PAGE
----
Innovating wound care: smart dressings with built-in sensors

Innovating wound care: smart dressings with built-in sensors
© RMIT University

New smart wound dressings have been developed that have built-in ‘healing’ sensors which glow when a wound is not healing properly.

The multifunctional, antimicrobial dressings, developed by a team of scientists and engineers at RMIT University in Melbourne, Australia, use the antibacterial and antifungal properties of magnesium hydroxide and feature fluorescent sensors that glow brightly under UV light if infection starts to set in. Thanks to this innovative feature, the dressings can be used to monitor healing progress.

The dressings are also highly cost-effective, as they are up to 20 times cheaper to produce than silver-based dressings, but equally as effective in fighting bacteria and fungi, with their antimicrobial properties lasting up to a week.

The study has been published in ACS Applied Materials and Interfaces.

Innovation in wound care

Magnesium is known to be antimicrobial, anti-inflammatory, and highly biocompatible, however, there has been little research on how it could be used on relevant surfaces like dressings and bandages.

Lead author of the study, Dr Adam Truskewycz, now at the University of Bergen, Norway, is the first to develop fluorescent magnesium hydroxide nanosheets that could contour to the curves of bandage fibres.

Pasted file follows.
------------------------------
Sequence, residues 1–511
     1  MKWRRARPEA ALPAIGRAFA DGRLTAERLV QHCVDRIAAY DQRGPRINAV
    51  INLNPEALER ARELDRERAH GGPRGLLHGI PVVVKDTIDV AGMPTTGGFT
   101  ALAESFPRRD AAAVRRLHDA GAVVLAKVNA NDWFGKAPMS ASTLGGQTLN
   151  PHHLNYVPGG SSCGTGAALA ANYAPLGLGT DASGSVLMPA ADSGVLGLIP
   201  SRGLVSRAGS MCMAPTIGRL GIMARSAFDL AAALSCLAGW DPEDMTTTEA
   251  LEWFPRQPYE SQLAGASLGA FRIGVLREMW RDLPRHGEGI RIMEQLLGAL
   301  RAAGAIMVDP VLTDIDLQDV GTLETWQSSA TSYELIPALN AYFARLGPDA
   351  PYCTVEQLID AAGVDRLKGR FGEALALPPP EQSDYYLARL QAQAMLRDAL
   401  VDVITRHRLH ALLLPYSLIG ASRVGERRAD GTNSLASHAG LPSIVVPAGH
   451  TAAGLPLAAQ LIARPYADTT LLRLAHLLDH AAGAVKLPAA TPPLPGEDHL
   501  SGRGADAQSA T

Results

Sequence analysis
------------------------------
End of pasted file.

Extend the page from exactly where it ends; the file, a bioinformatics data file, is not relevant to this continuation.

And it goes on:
To develop the smart dressings, the team synthesised the nanosheets and embedded them onto nanofibers. The magnesium hydroxide nanosheets respond to changes in pH, which makes them ideal for use as sensors to track healing, as healthy skin is naturally slightly acidic, while infected wounds are moderately alkaline. The nanosheets glow brightly under UV light in alkaline environments and fade in acidic conditions.

Project leader Dr Vi Khanh Truong, a Vice-Chancellor’s Postdoctoral Fellow at RMIT, said: “Currently the only way to check the progress of wounds is by removing bandage dressings, which is both painful and risky, giving pathogens the chance to attack.

“The smart dressings we’ve developed not only fight bacteria and reduce inflammation to help promote healing, they also have glowing sensors to track and monitor for infection. Being able to easily see if something is going wrong would reduce the need for frequent dressing changes and help to keep wounds better protected. With further research, we hope our multifunctional dressings could become part of a new generation of low-cost, magnesium-based technologies for advanced wound care.”

The nanosheets can be easily integrated onto any biocompatible nanofiber, meaning they can then be deposited onto standard cotton bandages, and laboratory tests have demonstrated that they are non-toxic to human cells, while destroying emerging pathogens like drug-resistant golden staph and Candida auris.


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